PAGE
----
Russian news agencies reported that the IOC still considers all members of the Russian Alpine skiing, freestyle skiing and curling teams to be eligible.

As punishment for what it termed a sophisticated doping program at the 2014 Sochi Olympics, the IOC has forced all Russians competing in PyeongChang to do so as “Olympic Athletes from Russia” under the Olympic flag, rather than as an official Russian team.

Russian athletes must be vetted by an IOC commission, which will examine their history of drug testing and links to past doping, before they are invited to the games.

On Friday, the IOC said it had cut an initial list of 500 Russian athletes down to a pool of 389, but didn’t give any names. Russian officials have expressed hope they could field a team of 200 athletes. That’s below the number that competed for Russia in 2014, but above its total from the 2010 Olympics in Vancouver.

Speaking to reporters on Tuesday, Kremlin spokesman Dmitry Peskov said Moscow is waiting for the IOC to clarify the situation.

“We have seen those deplorable reports in the media,” Peskov said. “We deeply regret if such decisions have indeed been taken. But we hope the situation will clear up because we do have contacts with the IOC. We hope those contacts will help clarify the situation around the aforementioned prominent athletes.”

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MORE: IOC creates pool of Russians eligible for PyeongChang Olympics

Viktor Ahn (Short Track Speed Skating)
Eight Olympic medals
Six Olympic gold medals
Most decorated male athlete at Sochi Olympics (three golds, one bronze)

Anton Shipulin (Biathlon)
Top four in World Cup standings each of the last four seasons

Sergei Ustyugov (Cross-Country Skiing)
Five medals at 2017 World Championships
Second in 2016-17 World Cup overall standings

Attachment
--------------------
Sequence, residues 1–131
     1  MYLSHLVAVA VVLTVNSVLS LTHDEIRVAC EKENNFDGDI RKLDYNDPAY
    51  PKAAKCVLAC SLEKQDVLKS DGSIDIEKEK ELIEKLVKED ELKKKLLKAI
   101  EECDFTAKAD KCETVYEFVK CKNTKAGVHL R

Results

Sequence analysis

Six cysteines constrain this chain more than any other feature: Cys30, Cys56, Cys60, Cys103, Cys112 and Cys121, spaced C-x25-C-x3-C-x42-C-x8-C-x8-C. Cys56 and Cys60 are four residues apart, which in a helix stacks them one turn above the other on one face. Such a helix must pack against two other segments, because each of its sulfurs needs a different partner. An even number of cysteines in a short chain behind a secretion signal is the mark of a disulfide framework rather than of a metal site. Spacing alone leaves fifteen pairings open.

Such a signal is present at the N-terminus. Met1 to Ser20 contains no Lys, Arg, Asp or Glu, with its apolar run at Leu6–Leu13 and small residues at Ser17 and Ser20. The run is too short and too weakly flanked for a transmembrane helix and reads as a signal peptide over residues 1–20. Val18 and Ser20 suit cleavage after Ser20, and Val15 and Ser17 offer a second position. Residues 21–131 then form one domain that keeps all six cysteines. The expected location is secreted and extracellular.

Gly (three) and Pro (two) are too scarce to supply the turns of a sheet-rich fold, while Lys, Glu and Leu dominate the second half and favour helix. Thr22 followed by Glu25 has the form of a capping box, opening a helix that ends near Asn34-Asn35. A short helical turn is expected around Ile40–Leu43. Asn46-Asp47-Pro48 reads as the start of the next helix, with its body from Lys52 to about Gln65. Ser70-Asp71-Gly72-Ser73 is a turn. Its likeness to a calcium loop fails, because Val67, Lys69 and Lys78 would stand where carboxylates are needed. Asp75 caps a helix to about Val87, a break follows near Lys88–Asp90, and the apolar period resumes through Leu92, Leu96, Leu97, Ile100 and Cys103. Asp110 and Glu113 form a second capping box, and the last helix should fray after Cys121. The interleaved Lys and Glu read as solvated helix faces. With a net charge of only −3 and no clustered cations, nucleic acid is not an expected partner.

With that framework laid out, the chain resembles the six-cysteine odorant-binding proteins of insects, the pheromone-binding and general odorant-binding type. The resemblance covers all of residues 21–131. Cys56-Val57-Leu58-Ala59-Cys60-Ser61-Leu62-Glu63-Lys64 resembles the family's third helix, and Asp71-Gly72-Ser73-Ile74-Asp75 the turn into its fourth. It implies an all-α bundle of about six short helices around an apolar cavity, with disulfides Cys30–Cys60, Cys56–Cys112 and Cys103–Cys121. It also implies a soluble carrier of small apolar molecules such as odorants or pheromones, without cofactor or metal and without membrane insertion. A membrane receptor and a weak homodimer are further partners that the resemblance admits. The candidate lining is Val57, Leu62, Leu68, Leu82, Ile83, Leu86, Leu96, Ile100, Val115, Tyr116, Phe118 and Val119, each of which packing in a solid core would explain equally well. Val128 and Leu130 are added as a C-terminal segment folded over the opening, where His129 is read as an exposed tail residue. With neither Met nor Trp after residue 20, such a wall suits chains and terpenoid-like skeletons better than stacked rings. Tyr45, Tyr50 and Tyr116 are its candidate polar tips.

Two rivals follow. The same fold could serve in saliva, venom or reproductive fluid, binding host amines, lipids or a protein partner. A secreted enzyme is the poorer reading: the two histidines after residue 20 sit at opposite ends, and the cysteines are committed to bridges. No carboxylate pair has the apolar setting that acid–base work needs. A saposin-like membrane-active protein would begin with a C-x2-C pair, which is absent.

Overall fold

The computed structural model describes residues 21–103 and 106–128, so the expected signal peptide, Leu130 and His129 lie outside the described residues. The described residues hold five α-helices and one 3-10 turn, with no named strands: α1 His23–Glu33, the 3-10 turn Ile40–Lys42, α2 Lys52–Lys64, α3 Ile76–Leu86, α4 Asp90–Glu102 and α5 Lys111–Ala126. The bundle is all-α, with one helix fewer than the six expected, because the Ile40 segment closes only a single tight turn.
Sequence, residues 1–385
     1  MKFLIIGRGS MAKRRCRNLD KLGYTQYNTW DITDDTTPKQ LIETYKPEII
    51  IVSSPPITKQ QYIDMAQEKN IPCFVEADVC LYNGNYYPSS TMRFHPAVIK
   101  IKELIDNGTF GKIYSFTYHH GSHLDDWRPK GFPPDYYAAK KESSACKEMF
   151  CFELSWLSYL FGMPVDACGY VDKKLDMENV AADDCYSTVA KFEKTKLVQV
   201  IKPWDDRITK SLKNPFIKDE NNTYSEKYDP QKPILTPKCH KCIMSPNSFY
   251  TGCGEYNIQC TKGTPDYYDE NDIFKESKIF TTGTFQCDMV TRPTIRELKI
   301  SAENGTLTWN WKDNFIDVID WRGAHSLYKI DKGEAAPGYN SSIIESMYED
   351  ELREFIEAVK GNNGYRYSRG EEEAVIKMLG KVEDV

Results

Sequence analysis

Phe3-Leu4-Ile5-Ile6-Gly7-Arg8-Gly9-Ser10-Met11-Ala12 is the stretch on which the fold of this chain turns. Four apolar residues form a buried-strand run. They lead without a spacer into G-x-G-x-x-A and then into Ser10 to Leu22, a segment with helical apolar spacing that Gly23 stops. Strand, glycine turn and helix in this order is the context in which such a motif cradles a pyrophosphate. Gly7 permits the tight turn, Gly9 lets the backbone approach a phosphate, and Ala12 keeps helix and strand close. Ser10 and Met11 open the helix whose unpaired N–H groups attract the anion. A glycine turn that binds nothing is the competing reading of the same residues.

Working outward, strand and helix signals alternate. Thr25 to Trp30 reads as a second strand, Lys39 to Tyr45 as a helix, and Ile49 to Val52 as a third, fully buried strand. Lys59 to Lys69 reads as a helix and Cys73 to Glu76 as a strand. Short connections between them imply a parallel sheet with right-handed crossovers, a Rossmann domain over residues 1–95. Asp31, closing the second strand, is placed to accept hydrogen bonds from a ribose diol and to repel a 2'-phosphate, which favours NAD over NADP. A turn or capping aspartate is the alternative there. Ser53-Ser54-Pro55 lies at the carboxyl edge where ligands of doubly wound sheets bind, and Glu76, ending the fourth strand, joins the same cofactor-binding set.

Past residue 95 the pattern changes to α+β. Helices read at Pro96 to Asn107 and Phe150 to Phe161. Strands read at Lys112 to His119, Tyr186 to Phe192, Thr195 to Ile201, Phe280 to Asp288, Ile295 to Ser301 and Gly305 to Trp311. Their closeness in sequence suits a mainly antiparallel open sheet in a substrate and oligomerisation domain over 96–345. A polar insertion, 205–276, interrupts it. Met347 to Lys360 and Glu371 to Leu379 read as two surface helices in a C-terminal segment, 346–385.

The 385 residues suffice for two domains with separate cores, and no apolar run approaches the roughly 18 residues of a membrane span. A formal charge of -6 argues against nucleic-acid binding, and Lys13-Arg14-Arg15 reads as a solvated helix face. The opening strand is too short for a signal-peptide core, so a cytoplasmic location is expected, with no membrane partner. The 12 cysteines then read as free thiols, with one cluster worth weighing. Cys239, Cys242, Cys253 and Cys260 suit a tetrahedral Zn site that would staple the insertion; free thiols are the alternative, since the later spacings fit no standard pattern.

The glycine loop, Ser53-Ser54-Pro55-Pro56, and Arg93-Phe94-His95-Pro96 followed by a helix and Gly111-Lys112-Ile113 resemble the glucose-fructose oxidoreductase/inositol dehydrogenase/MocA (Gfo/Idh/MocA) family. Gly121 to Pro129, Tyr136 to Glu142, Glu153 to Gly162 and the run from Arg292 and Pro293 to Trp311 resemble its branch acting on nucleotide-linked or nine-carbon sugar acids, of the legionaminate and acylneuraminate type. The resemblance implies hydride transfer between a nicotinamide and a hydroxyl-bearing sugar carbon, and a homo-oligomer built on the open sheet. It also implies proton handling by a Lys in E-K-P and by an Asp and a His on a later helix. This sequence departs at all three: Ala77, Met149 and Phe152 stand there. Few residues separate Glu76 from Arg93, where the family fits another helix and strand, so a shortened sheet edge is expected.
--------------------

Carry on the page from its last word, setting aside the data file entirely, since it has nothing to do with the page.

2017 Tour de Ski champion

Ksenia Stolbova (Figure Skating)
2014 Olympic, World silver medalist

Pavel Kulizhnikov (Speed Skating)
2016 World champion, 500m and 1000m

Denis Yuskov (Speed Skating)
2017-18 World Cup leader, 1500m
2016 World champion, 1500m

WADA: 99 positive meldonium tests; list of notable athletes

Maria Sharapova
Getty Images
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MOSCOW (AP) — The drug at the center of the Maria Sharapova doping case has produced 99 positive tests so far this year, the World Anti-Doping Agency said Friday.

WADA spokesman Ben Nichols told The Associated Press in an e-mail that since meldonium was banned on Jan. 1 “there have been 99 adverse analytical findings” for the drug.

Nichols did not provide details of who has tested positive.

Meldonium, a blood-flow boosting drug produced in Latvia, is most common in Eastern European and former Soviet countries, where it is often available over the counter.

Seven of the 16 confirmed cases come from Russian athletes, including Sharapova, who admitted she had tested positive on Monday at a news conference. Sharapova said she has been taking meldonium for 10 years for various health issues and did not know it had been banned.

Other cases involve athletes from Ukraine, Georgia and Sweden.

Athletes who fail doping tests can face a ban of up to four years for a first offense, but substantial reductions can be imposed if they demonstrate that they did not intend to enhance their performance.

WADA announced in September that meldonium, which was once used to help boost the endurance of Soviet troops, would be banned from 2016, citing evidence of the drug’s performance-enhancing benefits and widespread use in international sports.

Since Sharapova announced that she tested positive, the Russian government has criticized WADA. Foreign Minister Sergei Lavrov said Thursday that meldonium should never have been banned, arguing that it doesn’t enhance performance.